But there is no joy in Mudville- mighty Casey has struck out.ServiceLevelAgreement

Ernest Lawrance Thayer penned those infamous words to describe the shocking strikeout of the odds-on favorite of The Mudville Nine. Down by two at the bottom of the ninth. Two outs; up to bat comes The Mighty Casey. The crowd goes wild.

Casey is popular with the home team fans because of his track record. Obviously he has come through many times before. When he advances to bat with the winning runners on base, the future seems clear – Casey hits a home run, the runners score, and the Mudville Nine wins five to four.

But after much fanfare, and watching two pitches hit the catcher’s mitt for strikes one and two, Casey takes an epic swing for the stands.

But, alas, there’s no joy in Mudville, my friends. Casey has struck out.

A hard learned lesson

Service Level reporting shows how well a service is performing, right? A service with high service level performance is generally popular with the home team crowd.

I learned a very important lesson early in my career. I was the Network Operations manager with a major corporation. My domain included a world-class wafer fab, where a brief network outage caused major problems for the manufacturing process. Mind you, it was a very brief outage – less than a couple minutes in length. But the follow up meetings and root cause analysis, and the ‘what are you doing so this never happens again’ continued for several weeks.

Frankly, it seemed a bit out of proportion for the nature of the outage. After many meetings, I helpfully added something along the lines of “…for as impactful as this outage was, let’s keep in mind that we are still well within the SLA…” The words hadn’t stopped reverberating in the conference room before I realized I’d made a painful mistake for which I was going to pay.

Appealing to the Service Level Agreement was not only unsuccessful in helping my customer to put the brief outage into perspective, it served to prove just how “IT”, (and therefore out of touch) I really was.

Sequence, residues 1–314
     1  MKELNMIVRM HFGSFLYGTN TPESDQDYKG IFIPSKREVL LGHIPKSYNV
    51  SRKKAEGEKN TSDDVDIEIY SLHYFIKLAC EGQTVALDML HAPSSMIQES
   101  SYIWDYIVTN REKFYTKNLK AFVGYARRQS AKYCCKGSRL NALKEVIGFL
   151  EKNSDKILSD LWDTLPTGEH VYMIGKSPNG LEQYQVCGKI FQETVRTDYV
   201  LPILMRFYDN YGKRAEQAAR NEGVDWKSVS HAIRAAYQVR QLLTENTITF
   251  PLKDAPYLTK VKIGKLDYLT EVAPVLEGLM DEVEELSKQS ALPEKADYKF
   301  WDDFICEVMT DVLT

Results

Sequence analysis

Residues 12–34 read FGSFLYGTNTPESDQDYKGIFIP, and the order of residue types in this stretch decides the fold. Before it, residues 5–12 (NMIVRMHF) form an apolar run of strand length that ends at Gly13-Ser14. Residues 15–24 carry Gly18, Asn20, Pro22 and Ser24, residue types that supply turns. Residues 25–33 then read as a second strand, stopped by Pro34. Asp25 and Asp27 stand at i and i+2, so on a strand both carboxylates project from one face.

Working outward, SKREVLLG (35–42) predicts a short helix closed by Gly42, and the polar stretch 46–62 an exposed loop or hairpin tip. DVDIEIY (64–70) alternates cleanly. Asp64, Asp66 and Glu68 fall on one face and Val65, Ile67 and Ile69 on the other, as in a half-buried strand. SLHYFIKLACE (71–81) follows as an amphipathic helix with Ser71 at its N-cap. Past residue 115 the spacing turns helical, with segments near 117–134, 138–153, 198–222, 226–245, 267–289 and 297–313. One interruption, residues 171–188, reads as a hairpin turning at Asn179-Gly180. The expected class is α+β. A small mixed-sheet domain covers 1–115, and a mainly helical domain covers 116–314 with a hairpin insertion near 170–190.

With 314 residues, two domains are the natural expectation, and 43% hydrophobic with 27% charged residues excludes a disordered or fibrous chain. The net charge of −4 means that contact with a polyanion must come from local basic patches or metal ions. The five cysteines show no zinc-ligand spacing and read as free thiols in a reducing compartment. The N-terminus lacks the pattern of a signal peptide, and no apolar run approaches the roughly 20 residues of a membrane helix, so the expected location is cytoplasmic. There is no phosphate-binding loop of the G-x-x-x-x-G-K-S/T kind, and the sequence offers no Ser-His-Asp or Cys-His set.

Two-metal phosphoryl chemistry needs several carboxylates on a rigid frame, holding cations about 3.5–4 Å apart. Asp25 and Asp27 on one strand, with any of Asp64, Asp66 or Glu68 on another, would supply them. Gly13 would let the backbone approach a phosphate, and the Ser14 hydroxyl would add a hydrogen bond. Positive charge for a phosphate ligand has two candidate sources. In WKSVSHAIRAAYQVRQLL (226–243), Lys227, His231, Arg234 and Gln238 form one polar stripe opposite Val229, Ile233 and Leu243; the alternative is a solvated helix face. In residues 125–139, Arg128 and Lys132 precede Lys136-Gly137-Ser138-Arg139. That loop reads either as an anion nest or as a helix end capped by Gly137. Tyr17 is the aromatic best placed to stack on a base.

I struck out.

I underwent a crash course on the cost of scrapped work in progress, lost hours of production recovering a database, and restarting a hundred-million-dollar production line. The impact was enormous to the business.

I’ve never forgotten that outage. I recall it like it was yesterday. I’d like to believe the managers who invested in my education have completely forgotten the whole episode. But somehow, I’m afraid they are telling the same story elsewhere about the clueless IT manager who tried to hide behind a  Service Level Agreement.

When it really counts

FedEx used to have the slogan – “when it absolutely, positively has to be there overnight”. ‘FedEx’ is synonymous with a perfect delivery record. It’s why you pay the premium price… because it absolutely, positively has to be there. No fail.

The problem with SLAs is they’re cold, hard, statistical math. They don’t tell the story. Had my network outage happened when there was no production running, it may not have even been noticed. Likely no one would have cared.

But that’s not how the story goes. They did care, because the network absolutely, positively had to be up to support production. And it failed.

In a way, Casey got a bum rap. By all measures, he was a superstar player with a stellar record. By the numbers; an undisputed champion. But that’s not how he’s remembered.

Thankfully, Casey is a fictional character, because he’s gone down in infamy as the didn’t-cut-it-when-it-counted would-be hero.

But you and I aren’t fictional.

Business Value

Part of the problem is right in our name “IT” – ‘information’ and ‘technology’. No mention of what we’re to do with either. No surprise, then, that we often go on blissfully ignorant of the business value of the IT services we deliver. Clearly I had a different focus than my early career educators.

I mean, seriously, a world class manufacturing application that doesn’t recover gracefully from a minor network blink, one so short it didn’t even show up in network monitoring?

Yes. Seriously.

Big impact. Not a “minor glitch”.

Anything you can do to ‘walk a mile’ in your customers’ shoes will help.

Do you understand your business’ critical functions? Have you done business impact analysis – so you truly understand the value of business processes and the IT services that support them?

Spend time with your customers. Step outside the IT bubble, and look at your services from your customers’ perspective. Recognize that, like it or not, its not what you do 99.9% of the time, it’s what you do when it absolutely, positively has to be there.

That’s what you’ll be remembered for; make it count.

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